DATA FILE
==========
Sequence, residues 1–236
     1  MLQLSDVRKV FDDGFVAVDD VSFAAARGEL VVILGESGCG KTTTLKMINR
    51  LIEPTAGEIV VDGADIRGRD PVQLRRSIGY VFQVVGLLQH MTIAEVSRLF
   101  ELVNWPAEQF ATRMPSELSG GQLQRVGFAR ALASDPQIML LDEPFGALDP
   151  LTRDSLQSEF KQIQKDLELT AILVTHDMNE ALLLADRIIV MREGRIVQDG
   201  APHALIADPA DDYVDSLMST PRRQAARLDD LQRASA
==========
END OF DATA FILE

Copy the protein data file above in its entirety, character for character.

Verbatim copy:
Sequence, residues 1–236
     1  MLQLSDVRKV FDDGFVAVDD VSFAAARGEL VVILGESGCG KTTTLKMINR
    51  LIEPTAGEIV VDGADIRGRD PVQLRRSIGY VFQVVGLLQH MTIAEVSRLF
   101  ELVNWPAEQF ATRMPSELSG GQLQRVGFAR ALASDPQIML LDEPFGALDP
   151  LTRDSLQSEF KQIQKDLELT AILVTHDMNE ALLLADRIIV MREGRIVQDG
   201  APHALIADPA DDYVDSLMST PRRQAARLDD LQRASA